Nevertheless, if the Christian Union want to maintain their exclusivity, I don’t see why they shouldn’t. My real problem with Mr Smith’s justification for the policy is the idea that a university students’ union should control the purse strings in the way they apparently do.

Seems to me that a students’ union has a valid political role in acting as a means of communication between the students and the university authorities. It can also perfectly properly organise and run facilities for all students, like bars, cafes, shops and so on, and, if it wishes, manage and hire out function and meeting rooms in which members of the university may hold meetings or birthday parties or whatever. But what’s it doing handing out money to clubs and societies, be they religious or political or the chess club or whatever?

I can maybe see a case for financial support for sports clubs and drama societies, who’ll have far higher expenses than other groups, but why shouldn’t everyone else rely on subscriptions? Effectively that’s the way things worked at Cambridge when I was there — we had a Cambridge Students’ Union (as distinct from the Union Society, which is a club) which was funded by the colleges’ Junior Combination Rooms (who ran their college bars and suchlike) which operated on a shoestring out of tatty offices in the town, but all the university societies and clubs, be they the Christian Union, the Labour Students, the student newspaper or the Chess Club, were self-financing.

Worked perfectly well and no one had any cause for complaint about their money being spent on groups they didn’t like.

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  1. I agree with Dan Smith that the blame belongs with the Students’ Unions rather than the Universities.

    You have offered to draft Articles of Association which would seem to be saying that Committee members must be willing to promote Christianity based on the CU’s doctrinal statement. As far as I can see, it is precisely this requirement which has resulted in Students’ Unions trying to use the Power of the Purse to implement their own agenda.

    You say that ‘the possibility of militant atheists staging a coup’ is a bridge which should be crossed when they come to it. Which seems to me to be another way of saying ‘Don’t shut the stable door until after the horse has bolted’. And as to whether there are such sad people around, your article earlier refers to the activities of the Trotskyists. As I understand it, these people did have a policy of ‘entryism’, or taking control of local Labour parties by making meetings last till everyone else gave up and went home. Otherwise known as Militant.

    And if you are suggesting that no society should receive any funding from the Union, I think that you will be less than popular with all of them, not just the CU.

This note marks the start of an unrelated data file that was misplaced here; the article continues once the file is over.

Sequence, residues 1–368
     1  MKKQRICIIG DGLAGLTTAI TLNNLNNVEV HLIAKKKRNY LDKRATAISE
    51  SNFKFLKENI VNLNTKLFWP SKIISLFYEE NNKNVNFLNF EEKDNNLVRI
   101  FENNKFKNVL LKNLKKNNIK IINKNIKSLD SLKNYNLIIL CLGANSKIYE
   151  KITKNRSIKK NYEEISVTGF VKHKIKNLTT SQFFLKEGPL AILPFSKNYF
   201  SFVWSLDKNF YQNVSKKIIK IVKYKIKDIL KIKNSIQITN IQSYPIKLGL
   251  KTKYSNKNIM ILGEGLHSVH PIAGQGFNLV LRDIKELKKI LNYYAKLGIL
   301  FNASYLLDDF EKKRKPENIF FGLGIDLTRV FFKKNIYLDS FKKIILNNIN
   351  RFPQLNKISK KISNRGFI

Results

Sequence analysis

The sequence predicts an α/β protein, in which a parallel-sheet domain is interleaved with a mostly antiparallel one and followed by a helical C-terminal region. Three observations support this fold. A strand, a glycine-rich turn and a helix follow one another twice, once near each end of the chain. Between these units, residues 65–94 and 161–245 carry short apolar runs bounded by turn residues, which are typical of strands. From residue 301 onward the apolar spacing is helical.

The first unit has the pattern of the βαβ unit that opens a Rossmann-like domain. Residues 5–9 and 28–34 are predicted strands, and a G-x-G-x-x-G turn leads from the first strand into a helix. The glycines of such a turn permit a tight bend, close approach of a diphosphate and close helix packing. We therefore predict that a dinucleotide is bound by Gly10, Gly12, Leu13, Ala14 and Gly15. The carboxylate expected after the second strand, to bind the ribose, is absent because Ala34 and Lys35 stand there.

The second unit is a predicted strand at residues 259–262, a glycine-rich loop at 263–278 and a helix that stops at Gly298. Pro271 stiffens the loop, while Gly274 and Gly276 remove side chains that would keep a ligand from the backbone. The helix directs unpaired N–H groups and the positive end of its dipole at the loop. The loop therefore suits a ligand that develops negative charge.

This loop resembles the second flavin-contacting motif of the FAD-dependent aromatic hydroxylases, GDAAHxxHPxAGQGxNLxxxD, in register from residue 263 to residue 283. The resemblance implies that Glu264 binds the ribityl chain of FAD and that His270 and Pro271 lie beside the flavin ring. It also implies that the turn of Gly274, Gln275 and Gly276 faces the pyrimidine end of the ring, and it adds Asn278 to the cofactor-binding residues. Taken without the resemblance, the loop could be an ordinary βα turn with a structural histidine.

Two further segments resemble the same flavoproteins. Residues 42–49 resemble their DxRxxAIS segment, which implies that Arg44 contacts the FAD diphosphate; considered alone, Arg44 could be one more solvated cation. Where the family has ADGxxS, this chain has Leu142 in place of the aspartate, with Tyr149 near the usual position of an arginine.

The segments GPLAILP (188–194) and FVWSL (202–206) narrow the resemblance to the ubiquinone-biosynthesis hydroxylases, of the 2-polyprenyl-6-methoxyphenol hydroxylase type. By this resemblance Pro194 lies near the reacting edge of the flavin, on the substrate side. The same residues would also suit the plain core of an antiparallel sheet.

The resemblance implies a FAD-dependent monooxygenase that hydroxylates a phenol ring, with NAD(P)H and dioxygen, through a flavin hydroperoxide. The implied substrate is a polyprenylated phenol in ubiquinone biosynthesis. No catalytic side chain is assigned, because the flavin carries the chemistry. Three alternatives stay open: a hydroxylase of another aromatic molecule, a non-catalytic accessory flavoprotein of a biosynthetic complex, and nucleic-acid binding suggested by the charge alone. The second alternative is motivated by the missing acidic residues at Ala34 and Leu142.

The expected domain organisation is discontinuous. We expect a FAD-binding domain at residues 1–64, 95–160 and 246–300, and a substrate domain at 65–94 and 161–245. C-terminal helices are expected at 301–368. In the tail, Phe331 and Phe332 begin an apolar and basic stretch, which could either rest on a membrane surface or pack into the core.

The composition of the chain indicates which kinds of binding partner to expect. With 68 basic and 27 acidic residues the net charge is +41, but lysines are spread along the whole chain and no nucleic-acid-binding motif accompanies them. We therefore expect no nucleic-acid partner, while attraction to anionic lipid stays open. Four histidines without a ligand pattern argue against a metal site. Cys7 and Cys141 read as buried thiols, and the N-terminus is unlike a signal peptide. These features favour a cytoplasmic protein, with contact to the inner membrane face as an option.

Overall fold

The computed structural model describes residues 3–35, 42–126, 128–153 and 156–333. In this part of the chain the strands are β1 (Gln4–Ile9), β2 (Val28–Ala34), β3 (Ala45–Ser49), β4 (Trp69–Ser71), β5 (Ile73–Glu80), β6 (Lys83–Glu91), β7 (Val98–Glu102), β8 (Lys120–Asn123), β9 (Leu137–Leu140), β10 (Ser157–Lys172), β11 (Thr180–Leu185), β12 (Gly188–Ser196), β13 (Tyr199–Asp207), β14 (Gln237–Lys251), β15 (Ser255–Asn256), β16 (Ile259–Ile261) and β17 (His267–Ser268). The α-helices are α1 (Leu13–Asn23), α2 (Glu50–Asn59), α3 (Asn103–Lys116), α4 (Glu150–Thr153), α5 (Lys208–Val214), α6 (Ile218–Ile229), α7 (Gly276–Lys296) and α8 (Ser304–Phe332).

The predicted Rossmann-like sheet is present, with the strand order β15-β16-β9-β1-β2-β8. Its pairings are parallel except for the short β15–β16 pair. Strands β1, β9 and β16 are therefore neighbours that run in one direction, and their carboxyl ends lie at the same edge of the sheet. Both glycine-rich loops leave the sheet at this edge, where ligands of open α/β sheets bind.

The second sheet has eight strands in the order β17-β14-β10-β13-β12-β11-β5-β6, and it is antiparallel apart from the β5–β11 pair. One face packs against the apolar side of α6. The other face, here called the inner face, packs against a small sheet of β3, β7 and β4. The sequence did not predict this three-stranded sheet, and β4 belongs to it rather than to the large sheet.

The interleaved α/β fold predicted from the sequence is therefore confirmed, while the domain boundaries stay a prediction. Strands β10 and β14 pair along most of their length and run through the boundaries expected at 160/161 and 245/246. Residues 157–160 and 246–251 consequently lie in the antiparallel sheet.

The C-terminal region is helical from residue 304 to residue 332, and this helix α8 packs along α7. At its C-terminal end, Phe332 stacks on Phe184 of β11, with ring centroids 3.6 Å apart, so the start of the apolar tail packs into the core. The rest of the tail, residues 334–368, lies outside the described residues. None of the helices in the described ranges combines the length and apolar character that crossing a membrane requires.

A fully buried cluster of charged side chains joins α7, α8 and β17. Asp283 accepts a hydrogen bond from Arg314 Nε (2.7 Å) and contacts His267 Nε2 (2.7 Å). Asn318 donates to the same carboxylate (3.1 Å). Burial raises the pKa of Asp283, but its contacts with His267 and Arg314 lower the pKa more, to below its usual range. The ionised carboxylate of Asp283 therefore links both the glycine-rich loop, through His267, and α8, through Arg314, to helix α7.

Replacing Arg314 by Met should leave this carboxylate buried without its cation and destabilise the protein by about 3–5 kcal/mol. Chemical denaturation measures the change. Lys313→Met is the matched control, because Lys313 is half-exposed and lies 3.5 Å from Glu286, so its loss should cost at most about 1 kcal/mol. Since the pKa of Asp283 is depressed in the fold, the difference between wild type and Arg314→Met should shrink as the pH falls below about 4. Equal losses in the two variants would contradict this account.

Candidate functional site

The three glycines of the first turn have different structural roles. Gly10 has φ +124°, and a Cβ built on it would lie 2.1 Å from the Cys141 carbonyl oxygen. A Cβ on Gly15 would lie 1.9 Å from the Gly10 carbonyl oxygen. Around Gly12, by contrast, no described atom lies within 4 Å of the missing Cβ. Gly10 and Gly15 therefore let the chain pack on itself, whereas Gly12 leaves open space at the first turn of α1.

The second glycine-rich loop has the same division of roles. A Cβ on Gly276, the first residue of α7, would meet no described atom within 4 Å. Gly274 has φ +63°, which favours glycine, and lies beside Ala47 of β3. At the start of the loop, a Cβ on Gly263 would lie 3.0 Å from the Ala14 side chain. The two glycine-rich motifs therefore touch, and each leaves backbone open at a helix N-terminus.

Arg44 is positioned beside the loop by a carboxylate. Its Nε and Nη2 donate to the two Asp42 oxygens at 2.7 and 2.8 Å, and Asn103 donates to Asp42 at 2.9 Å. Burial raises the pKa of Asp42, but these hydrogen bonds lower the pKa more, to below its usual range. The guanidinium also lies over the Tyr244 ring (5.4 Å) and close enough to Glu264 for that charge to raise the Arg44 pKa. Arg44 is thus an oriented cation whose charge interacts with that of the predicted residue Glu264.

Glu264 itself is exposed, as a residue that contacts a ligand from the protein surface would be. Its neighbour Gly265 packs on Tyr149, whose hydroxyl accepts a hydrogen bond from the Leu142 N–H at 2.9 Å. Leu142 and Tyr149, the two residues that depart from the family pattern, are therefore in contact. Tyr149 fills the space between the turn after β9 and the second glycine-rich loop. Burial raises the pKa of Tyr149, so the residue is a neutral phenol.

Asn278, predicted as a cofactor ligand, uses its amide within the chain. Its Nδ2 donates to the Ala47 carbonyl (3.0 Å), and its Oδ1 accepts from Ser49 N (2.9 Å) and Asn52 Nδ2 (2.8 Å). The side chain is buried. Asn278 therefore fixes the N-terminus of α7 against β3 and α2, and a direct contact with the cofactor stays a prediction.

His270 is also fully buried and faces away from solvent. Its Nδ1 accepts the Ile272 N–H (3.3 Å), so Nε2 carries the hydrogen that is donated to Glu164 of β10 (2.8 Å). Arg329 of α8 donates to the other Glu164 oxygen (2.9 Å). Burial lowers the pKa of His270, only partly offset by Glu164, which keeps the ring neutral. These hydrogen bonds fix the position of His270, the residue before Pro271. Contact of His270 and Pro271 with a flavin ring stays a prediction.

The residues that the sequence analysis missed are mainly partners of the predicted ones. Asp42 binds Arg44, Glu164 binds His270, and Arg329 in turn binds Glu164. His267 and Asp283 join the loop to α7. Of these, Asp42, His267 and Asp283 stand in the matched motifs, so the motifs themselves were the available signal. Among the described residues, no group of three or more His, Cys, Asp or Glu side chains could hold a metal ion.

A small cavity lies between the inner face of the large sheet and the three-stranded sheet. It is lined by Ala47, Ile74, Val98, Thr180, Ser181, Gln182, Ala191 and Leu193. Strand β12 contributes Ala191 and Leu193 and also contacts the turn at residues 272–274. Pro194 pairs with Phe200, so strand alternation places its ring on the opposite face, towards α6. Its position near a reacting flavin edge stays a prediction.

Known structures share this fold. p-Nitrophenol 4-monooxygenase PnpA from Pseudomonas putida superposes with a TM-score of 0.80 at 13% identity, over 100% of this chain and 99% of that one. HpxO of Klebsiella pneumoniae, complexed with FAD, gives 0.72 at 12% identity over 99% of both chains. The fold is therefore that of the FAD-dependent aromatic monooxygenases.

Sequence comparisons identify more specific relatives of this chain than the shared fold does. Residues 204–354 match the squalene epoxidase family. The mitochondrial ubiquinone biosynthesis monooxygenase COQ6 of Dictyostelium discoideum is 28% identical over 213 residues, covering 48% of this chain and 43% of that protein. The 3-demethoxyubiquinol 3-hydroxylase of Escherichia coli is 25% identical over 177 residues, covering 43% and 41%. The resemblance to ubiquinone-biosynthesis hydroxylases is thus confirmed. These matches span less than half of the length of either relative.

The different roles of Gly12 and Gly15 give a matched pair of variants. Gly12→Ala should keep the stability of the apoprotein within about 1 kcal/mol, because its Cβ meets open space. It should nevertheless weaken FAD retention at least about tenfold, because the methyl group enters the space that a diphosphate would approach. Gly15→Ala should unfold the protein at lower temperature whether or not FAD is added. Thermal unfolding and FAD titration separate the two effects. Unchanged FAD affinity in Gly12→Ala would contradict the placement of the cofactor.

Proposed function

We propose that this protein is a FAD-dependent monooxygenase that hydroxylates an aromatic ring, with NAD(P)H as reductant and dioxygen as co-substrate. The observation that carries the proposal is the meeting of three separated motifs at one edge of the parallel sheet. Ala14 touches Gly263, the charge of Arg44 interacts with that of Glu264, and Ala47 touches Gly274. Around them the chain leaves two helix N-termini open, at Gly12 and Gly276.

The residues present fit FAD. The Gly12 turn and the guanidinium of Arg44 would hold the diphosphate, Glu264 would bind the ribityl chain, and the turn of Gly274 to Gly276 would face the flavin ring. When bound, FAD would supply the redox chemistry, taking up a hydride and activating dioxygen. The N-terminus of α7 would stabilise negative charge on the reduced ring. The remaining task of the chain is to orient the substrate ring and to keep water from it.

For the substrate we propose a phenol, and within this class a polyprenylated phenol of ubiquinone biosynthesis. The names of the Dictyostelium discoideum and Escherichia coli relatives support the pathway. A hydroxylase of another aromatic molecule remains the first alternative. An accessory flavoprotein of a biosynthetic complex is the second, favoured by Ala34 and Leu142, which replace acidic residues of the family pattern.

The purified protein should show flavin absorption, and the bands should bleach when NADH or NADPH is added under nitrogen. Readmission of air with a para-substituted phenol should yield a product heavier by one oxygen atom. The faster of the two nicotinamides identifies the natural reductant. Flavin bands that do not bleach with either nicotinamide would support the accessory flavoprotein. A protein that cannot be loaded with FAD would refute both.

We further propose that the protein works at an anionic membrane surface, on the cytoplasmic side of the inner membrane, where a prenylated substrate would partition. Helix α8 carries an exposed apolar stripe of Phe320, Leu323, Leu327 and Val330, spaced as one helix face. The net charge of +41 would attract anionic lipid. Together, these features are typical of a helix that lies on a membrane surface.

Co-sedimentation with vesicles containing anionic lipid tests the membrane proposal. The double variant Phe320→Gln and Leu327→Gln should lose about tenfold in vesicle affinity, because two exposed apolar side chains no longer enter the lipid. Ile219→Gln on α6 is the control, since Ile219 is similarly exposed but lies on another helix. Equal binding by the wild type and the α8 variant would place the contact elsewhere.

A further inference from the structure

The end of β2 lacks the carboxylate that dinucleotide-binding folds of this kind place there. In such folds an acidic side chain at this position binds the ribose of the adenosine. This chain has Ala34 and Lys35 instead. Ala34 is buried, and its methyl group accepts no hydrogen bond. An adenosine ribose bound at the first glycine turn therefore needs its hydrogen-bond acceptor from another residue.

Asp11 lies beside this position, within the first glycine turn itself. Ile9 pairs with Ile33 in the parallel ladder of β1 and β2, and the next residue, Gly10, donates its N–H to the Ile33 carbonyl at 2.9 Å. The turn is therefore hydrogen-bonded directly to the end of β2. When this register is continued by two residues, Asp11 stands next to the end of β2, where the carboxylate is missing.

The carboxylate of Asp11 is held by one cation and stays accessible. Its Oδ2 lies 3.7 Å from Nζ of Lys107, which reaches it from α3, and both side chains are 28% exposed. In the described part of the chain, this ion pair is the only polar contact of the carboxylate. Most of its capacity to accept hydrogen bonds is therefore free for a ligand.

Comment by Graham Truesdale — December 9, 2006 @ 9:59 pm

  2. Articles of Association — I may well have misread it, but I thought the problem was that Committee members had to sign up to something saying the CU’s doctrinal statement represented their beliefs rather than that they were willing to promote Christianity based on it. The former requirement would, clearly, discriminate against an atheist (or a Roman Catholic, come to that) on the grounds of his religious beliefs or lack of them; the latter wouldn’t, so long as he was willing to compromise them and promote something in which he didn’t believe.

    You may well be correct, but I’d have thought any club or society needs something in its Articles of Association to say what its purpose is — otherwise there’s nothing to stop the committee of the Soccer Club deciding it’s going to use the members’ subscriptions to put on plays.

    Entryism. The Trots had a reason for their entryism, though; they were trying to manipulate the policy-making procedures of the Labour Party to influence policy and the results of selection committees and party elections in an attempt to get their policies put into action where Labour was in power. They weren’t trying to wreck the Labour Party (though that was pretty much the effect of their antics); they wanted, though, a successful Labour Party implementing their policies — which they thought were broadly in line with what the Labour Party should be about anyway, only more so — rather than a wrecked one.

    They didn’t try to infiltrate the Conservatives and commit them to socialist policies, which would be the equivalent of these hypothetical atheists infiltrating the Christian Union.

    No funding — I realise it would be unpopular, though I quite see why my taxes should be used to substitute for membership fees. I’d rather give the cash direct to the students themselves; that should prove popular. If they want to join the Christian Union or the Chess Club or whatever, then presumably they’re prepared to pay a modest suscription. If they want to spend the money in the bookshop or the bar, then let ’em.

    What’s the objection to treating students like adults, who make their own spending decisions and who need to be prepared to stump up a subscription if they want to get involved in a club or society? Or is it only Oxbridge students who’re thought capable of taking such decisions for themselves?

    Comment by notsaussure — December 9, 2006 @ 10:43 pm